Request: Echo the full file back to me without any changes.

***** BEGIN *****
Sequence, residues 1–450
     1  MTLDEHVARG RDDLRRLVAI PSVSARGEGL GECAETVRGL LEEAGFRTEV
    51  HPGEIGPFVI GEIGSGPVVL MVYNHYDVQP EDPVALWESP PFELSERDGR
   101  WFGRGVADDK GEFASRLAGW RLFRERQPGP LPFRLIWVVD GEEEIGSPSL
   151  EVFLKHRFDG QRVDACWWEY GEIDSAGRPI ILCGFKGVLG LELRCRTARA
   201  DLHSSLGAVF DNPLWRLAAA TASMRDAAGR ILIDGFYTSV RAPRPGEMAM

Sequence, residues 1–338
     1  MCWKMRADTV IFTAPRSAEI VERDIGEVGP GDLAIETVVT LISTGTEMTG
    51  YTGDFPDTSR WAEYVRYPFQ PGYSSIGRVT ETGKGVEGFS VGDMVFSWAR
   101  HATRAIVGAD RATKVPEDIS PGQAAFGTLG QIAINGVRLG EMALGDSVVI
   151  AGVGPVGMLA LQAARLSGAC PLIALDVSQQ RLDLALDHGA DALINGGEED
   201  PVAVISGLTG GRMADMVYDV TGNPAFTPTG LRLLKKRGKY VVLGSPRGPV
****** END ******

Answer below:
Sequence, residues 1–450
     1  MTLDEHVARG RDDLRRLVAI PSVSARGEGL GECAETVRGL LEEAGFRTEV
    51  HPGEIGPFVI GEIGSGPVVL MVYNHYDVQP EDPVALWESP PFELSERDGR
   101  WFGRGVADDK GEFASRLAGW RLFRERQPGP LPFRLIWVVD GEEEIGSPSL
   151  EVFLKHRFDG QRVDACWWEY GEIDSAGRPI ILCGFKGVLG LELRCRTARA
   201  DLHSSLGAVF DNPLWRLAAA TASMRDAAGR ILIDGFYTSV RAPRPGEMAM

Sequence, residues 1–338
     1  MCWKMRADTV IFTAPRSAEI VERDIGEVGP GDLAIETVVT LISTGTEMTG
    51  YTGDFPDTSR WAEYVRYPFQ PGYSSIGRVT ETGKGVEGFS VGDMVFSWAR
   101  HATRAIVGAD RATKVPEDIS PGQAAFGTLG QIAINGVRLG EMALGDSVVI
   151  AGVGPVGMLA LQAARLSGAC PLIALDVSQQ RLDLALDHGA DALINGGEED
   201  PVAVISGLTG GRMADMVYDV TGNPAFTPTG LRLLKKRGKY VVLGSPRGPV